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Suppose we have n balls $b_1, b_2,\cdots , b_n$ and n boxes. Each ball is placed into a box chosen independently and uniformly randomly. A colliding pair is defined as $(b_i,b_j)$, where $i<j$ and $b_i$ and $b_j$ are placed in the same box. We are asked to evaluate the expected number of colliding pairs.

What I did -

Clearly, for any $k$-set of balls in some box, there are $\binom{k}{2}$ colliding pairs in that box.

Next if $C$ is the total number of colliding pairs after randomly placing all the balls in boxes,

$E[C] = E[C_1+C_2+\cdots+C_n]=\displaystyle\sum_{i=1}^{n}E[C_i]=nE[C_k]$

where $C_k$ is the number of colliding pairs in box $k$ and $E[C_k] = E[C_1]=E[C_2]=\cdots$ .

Now as each box will have $\binom{i}{2} = i(i-1)/2$ colliding pairs if the box contains $i$ balls, we can calculate the expected value as follows -

$\begin{align} nE[C_k] &= n\left(\displaystyle\sum_{i=2}^{n}\binom{i}{2}\text{Pr}\left[i(i-1)\text{ colliding pairs in box k}\right]\right) \\&= n\left(\displaystyle\sum_{i=2}^{n}\binom{n}{i}\dfrac{i(i-1)}{2}\left(\dfrac{1}{n}\right)^i\left(\dfrac{n-1}{n}\right)^{n-i}\right)\end{align}$

This can be calculated using various tricks like differentiating the $(1+x)^n$ binomial expansion and so on.

But, the answer $E[C] = \dfrac{n-1}{2}$. Given that the answer is so simple, is there a much simpler/slicker/quicker way to see it?

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HINT

Yes. Whenever you are asked to find an expected value, always check to see if you can use the linearity of expectations. Remember that linearity of expectations apply even when variables are dependent!

For any pair $i < j$, let $X_{ij}$ be the indicator variable for whether $(i,j)$ is a colliding pair.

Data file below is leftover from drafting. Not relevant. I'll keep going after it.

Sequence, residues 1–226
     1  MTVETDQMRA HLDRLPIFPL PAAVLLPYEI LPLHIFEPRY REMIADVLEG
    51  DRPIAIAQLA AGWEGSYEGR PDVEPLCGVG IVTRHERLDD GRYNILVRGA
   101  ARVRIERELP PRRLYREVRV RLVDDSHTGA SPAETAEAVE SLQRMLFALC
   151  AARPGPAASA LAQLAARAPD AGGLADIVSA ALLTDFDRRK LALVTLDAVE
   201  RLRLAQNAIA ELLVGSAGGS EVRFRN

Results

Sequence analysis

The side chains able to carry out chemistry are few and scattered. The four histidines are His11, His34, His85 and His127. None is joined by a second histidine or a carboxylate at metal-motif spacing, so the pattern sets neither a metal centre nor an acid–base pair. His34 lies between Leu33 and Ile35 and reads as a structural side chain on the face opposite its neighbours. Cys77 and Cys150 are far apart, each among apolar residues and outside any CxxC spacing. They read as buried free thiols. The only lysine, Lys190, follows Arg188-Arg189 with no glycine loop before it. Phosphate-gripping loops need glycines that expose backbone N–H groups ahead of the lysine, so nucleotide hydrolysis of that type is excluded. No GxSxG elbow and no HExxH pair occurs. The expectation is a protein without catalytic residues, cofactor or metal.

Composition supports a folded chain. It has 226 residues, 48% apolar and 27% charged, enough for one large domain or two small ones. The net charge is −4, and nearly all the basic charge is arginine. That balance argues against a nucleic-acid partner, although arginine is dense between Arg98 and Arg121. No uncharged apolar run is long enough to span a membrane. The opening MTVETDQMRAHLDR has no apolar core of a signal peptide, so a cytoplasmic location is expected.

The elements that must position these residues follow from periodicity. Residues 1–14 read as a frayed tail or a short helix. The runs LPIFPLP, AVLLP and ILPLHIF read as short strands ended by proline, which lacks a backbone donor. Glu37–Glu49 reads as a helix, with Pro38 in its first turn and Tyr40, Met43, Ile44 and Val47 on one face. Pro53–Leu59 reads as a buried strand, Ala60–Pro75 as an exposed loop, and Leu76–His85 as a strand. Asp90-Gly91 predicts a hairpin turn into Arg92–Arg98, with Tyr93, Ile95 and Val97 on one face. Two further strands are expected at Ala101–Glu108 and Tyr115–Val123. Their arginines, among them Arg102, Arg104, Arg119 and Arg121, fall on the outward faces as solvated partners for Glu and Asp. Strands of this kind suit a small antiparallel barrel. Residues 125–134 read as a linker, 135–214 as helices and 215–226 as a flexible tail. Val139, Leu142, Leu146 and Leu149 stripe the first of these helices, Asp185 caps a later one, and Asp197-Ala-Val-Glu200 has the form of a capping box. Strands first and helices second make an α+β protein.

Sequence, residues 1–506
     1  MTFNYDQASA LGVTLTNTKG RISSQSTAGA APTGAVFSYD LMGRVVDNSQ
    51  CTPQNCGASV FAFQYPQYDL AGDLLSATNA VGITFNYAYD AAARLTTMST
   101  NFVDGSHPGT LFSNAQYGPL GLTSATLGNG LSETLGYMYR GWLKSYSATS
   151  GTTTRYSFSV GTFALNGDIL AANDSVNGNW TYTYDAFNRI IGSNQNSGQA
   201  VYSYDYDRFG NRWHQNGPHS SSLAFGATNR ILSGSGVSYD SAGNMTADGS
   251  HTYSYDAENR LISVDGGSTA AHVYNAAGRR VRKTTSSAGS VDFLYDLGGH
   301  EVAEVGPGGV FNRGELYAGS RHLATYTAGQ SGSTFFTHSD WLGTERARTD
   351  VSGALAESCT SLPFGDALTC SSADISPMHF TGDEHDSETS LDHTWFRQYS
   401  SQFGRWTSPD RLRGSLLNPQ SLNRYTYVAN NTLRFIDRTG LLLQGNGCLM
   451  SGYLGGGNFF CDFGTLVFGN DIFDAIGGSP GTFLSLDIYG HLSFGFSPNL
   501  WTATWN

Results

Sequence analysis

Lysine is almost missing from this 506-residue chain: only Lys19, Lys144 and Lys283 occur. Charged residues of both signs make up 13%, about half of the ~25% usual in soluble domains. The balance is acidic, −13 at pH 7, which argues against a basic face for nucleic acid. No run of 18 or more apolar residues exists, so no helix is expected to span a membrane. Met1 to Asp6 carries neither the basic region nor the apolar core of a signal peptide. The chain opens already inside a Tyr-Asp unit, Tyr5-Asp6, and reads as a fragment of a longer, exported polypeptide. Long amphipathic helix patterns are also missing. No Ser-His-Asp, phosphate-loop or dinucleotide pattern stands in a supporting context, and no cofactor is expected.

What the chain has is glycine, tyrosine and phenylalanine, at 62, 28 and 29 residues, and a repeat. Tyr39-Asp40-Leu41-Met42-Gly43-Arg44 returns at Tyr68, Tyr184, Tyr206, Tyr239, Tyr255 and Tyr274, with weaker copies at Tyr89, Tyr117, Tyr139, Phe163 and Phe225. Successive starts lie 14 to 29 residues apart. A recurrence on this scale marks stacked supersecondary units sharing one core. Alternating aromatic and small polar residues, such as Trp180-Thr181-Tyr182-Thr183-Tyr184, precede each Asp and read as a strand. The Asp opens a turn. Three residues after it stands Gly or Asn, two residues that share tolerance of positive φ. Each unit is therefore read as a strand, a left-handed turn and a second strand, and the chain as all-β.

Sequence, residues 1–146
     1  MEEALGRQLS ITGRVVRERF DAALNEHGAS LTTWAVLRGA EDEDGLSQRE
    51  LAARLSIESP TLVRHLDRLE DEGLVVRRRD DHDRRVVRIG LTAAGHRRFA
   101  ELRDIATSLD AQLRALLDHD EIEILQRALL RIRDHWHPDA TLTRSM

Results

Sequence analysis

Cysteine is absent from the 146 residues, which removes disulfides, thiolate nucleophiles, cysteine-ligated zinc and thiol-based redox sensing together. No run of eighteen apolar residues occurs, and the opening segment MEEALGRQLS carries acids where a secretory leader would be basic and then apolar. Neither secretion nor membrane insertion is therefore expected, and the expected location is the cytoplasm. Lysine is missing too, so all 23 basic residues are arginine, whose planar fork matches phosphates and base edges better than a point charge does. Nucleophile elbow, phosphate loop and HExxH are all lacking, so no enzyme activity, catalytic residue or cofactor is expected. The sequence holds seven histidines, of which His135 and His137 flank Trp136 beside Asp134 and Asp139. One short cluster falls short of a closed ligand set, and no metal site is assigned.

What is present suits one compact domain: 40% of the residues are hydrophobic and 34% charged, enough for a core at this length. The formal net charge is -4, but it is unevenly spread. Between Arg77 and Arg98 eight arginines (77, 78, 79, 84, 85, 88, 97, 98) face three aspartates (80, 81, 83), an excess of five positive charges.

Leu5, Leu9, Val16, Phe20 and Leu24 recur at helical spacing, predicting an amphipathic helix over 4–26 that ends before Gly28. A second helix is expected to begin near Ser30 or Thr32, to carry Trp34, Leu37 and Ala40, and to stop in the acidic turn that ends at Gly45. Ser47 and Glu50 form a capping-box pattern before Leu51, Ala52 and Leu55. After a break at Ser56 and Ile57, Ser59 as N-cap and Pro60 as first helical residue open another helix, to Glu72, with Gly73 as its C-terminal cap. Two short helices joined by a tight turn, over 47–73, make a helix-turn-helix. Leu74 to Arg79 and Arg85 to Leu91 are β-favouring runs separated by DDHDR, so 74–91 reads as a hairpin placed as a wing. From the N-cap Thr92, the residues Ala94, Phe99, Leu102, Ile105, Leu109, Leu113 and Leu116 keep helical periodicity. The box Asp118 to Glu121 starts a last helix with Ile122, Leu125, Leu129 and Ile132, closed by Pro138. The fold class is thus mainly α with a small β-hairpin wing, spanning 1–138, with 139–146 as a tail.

• What is $E[X_{ij}]$?

  • How many pairs are there?

  • Use linearity of expectation...

Lemme know if you need further help.

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  • $\begingroup$ Brilliant ! ^3^ $\endgroup$ Dec 26 '19 at 17:22
  • $\begingroup$ Omg i'm v dumb. Thanks for the nice answer!! $\endgroup$
    – hello_123
    Dec 26 '19 at 17:40
  • $\begingroup$ @hello_123 - missing shortcuts / tricks in math, esp. in probability, is commonplace and happens to all of us. don't worry about it! :) $\endgroup$
    – antkam
    Dec 26 '19 at 17:42
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Continuing the OP's solution, let $B_{1}$ denote the number of balls in box $1$, so $C_{1}=\dbinom{B_{1}}{2}=\dfrac{B_{1}\left( B_{1}-1\right) }{2}$.

Next, one can write $B_{1}=I_{1}+I_{2}+\ldots+I_{n}$, where $I_{k}=\left\{ \begin{array} [c]{l}% 1\text{, if the ball }k\text{ is in box }1\\ 0\text{, otherwise}% \end{array} \right. \quad (k=1,2,\ldots,n)$.

Then $E\left[ B_{1}\right] =\sum_{k=1}^{n}E\left[ I_{k}\right] =\sum _{k=1}^{n}\underbrace{P\left( \text{the ball }k\text{ is in box }1\right) }_{p_{k}}=n\cdot\dfrac{1}{n}=1$. The mutual independence of $\left\{ I_{k}\right\} $ assures that $V\left[ B_{1}\right] =\sum_{k=1}^{n}V\left[ I_{k}\right] =\sum_{k=1}^{n}\left( p_{k}-p_{k}^{2}\right) =n\left( \dfrac{1}{n}-\dfrac{1}{n^{2}}\right) =\dfrac{n-1}{n}$.

Concluding, \begin{align*} E\left[ C\right] & =nE\left[ C_{1}\right] =\dfrac{n}{2}\left( E\left[ \left( B_{1}-1\right) ^{2}+B_{1}-1\right] \right) \\ & =\dfrac{n}{2}\left( E\left[ \left( B_{1}-E\left[ B_{1}\right] \right) ^{2}\right] +E\left[ B_{1}\right] -1\right) \\ & =\dfrac{n}{2}\left(V\left[ B_{1}\right] +1-1\right)=\dfrac{n-1}{2}. \end{align*} .

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